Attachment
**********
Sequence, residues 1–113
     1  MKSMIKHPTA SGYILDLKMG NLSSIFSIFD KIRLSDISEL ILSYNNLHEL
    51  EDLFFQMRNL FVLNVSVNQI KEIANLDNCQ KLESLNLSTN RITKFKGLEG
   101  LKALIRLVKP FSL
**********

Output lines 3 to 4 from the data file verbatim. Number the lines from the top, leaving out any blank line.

    51  EDLFFQMRNL FVLNVSVNQI KEIANLDNCQ KLESLNLSTN RITKFKGLEG
   101  LKALIRLVKP FSL